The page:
- Psoriasis Slideshow: Symptoms, Causes and Treatment
- Psoriasis Quiz: Test Your Medical IQ
- Moderate to Severe Forms of Psoriasis Slideshow
What is Diprolene (betamethasone dipropionate)?
Diprolene Lotion (betamethasone dipropionate) is a corticosteroid topical medication used to relieve itching and inflammation associated with a wide variety of skin conditions in patients 13 years of age or older. Examples include allergic dermatitis, atopic dermatitis, contact dermatitis, and plaque psoriasis.
Common side effects of Diprolene Lotion include:
- burning at the area of application,
- irritation, and
Serious side effects of Diprolene Lotion include:
- severe skin irritation where the medicine was applied, and
- signs of skin infection (swelling, redness, warmth, oozing).
It is unknown if Diprolene Lotion is secreted in breast milk. Corticosteroids absorbed into the body may appear in breast milk and may cause harmful effects in breastfed infants. Consult your doctor before breastfeeding.
Diprolene Lotion (betamethasone dipropionate) side effects list for healthcare professionals
Clinical Trials Experience
Because clinical trials are conducted under widely varying conditions, adverse reaction rates observed in the clinical trials of a drug cannot be directly compared to rates in the clinical trials of another drug and may not reflect the rates observed in clinical practice.
In controlled clinical trials, adverse reactions associated with the use of Diprolene Lotion reported at a frequency of less than 1% included erythema, folliculitis, pruritus, and vesiculation.
Because adverse reactions are reported voluntarily from a population of uncertain size, it is not always possible to reliably estimate their frequency or establish a causal relationship to drug exposure.
Postmarketing reports for local adverse reactions to topical corticosteroids may also include: skin atrophy, striae, telangiectasias, burning, irritation, dryness, acneiform eruptions, hypopigmentation, perioral dermatitis, allergic contact dermatitis, secondary infection, hypertrichosis, and miliaria.
Hypersensitivity reactions, consisting of predominantly skin signs and symptoms, e.g., contact dermatitis, pruritus, bullous dermatitis, and erythematous rash have been reported.
Diprolene Lotion (betamethasone dipropionate) is a corticosteroid topical medication used to relieve itching and inflammation associated with a wide variety of skin conditions in patients 13 years of age or older. Examples include allergic dermatitis, atopic dermatitis, contact dermatitis, and plaque psoriasis. Common side effects of Diprolene Lotion include burning at the area of application, itching, irritation, and dryness. Drug interactions of Diprolene Lotion include topical anthralin, which may increase psoriasis symptoms. Use of Diprolene Lotion in pregnant women has not been studied. It is unknown if Diprolene Lotion is secreted in breast milk.
Multimedia: Slideshows, Images & Quizzes
Psoriasis Types, Images, Treatments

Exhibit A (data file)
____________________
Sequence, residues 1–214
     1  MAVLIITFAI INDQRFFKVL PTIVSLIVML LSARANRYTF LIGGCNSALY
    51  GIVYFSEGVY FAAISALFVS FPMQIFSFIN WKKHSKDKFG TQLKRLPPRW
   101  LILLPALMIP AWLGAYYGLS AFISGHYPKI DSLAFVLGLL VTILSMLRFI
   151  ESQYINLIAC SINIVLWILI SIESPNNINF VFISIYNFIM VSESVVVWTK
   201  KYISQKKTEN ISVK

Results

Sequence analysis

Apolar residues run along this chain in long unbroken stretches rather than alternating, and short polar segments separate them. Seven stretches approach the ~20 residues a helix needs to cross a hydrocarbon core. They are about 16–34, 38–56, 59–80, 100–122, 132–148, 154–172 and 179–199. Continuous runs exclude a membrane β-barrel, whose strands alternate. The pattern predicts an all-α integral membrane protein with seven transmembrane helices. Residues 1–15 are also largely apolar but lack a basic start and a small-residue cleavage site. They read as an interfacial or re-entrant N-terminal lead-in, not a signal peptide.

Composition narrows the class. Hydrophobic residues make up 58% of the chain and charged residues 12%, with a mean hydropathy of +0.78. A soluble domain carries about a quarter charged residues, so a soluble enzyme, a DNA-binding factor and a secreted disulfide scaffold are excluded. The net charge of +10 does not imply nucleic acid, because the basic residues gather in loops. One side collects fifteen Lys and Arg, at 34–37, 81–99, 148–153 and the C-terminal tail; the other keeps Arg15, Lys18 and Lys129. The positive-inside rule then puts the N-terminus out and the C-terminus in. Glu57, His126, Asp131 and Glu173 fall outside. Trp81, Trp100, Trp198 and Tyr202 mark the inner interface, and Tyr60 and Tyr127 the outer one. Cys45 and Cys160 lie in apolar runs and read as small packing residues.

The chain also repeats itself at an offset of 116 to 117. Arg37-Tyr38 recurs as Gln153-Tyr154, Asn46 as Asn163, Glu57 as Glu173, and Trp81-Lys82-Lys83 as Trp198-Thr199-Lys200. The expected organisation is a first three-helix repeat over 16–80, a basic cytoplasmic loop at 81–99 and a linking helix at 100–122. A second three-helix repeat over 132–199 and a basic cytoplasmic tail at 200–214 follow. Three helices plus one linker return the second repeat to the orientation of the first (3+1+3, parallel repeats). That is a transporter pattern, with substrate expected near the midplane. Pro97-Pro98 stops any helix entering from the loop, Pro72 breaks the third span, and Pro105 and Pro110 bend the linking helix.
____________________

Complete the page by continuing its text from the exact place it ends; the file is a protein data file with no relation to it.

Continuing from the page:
What is psoriasis? Explore psoriasis treatment options such as topical ointments, phototherapy, natural remedies and more. Learn...
Eczema (Atopic Dermatitis) Causes, Symptoms, Treatment
Eczema (Atopic Dermatitis) is a common allergic skin condition. Get the latest information on causes of eczema and skin rash...
Types of Psoriasis: Medical Pictures and Treatments
Learn about the common skin condition psoriasis. Explore about the different types of psoriasis such as vulgaris (plaque...
Atopic Eczema (Atopic Dermatitis) Quiz: Test Your Skin Disorders IQ
Does dry, itchy, flaky, scaly, red, inflamed skin sound familiar to you? Take the Atopic Eczema (Atopic Dermatitis) Quiz to learn...
Psoriasis Quiz: Test Your Medical IQ
Take the mystery out of psoriasis. Take the Psoriasis Quiz and see what you know about the types, symptoms, treatments and more.
Picture of Psoriasis 1
A reddish, scaly rash often located over the surfaces of the elbows, knees, scalp, and around or in the ears, navel, genitals or...
Picture of Allergic Contact Dermatitis
A red, itchy, weepy reaction where the skin has come into contact with a substance that the immune system recognizes as foreign....
Picture of Phytophotodermatitis With Blisters
These bullae were the result of exposure to both lime juice and the sun. See a picture of Phytophotodermatitis With Blisters and...
Picture of Periorbital Dermatitis
Perioral dermatitis is characterized by discrete erythematous micropapules and micropapulovesicles that often become confluent on...
Picture of Phytophotodermatitis Hyperpigmentation
Phytophotodermatitis (plant light dermatitis) is an inflammation of the skin caused by contact with certain plants during...
Picture of Psoriasis 2
More than one-quarter of all individuals with psoriasis develop their disease during childhood or adolescence. See a picture of...
Picture of Psoriasis 3
This figure shows the erythema, scaling, and thickening of portions of the thumb and soles that are very common in both children...
Picture of Psoriasis Vulgaris Soles
Well-demarcated, erythematous plaques with thick, yellowish lamellar scale and desquamation on sites of pressure arising on the...
Picture of Psoriasis Vulgaris Palms
Silvery-white scaly plaque, sharply demarcated, of irregular configuration. See a picture of Psoriasis Vulgaris Palms and learn...
Picture of Dermatitis From Common Carpet Beetle
The common carpet beetle is not common in modern well-sanitized homes, and even where it is abundant, effects from it are not...
Picture of Atopic Dermatitis
This condition is the most common of all pediatric dermatoses. See a picture of Atopic Dermatitis and learn more about the...
Picture of Juvenile Plantar Dermatitis
This figure shows erythema and fissuring on the weight-bearing surface of the foot. See a picture of Juvenile Plantar Dermatitis...
Picture of Guttate Psoriasis
Guttate psoriasis is a type of psoriasis that looks like small, salmon-pink drops on the skin. See a picture of Guttate Psoriasis...
Picture of Inverse Psoriasis
Inverse psoriasis consists of bright red, smooth (not scaly) patches found in the folds of the skin. See a picture of Inverse...
Picture of Pustular Psoriasis
Pustular psoriasis is an uncommon form of psoriasis. See a picture of Pustular Psoriasis and learn more about the health topic.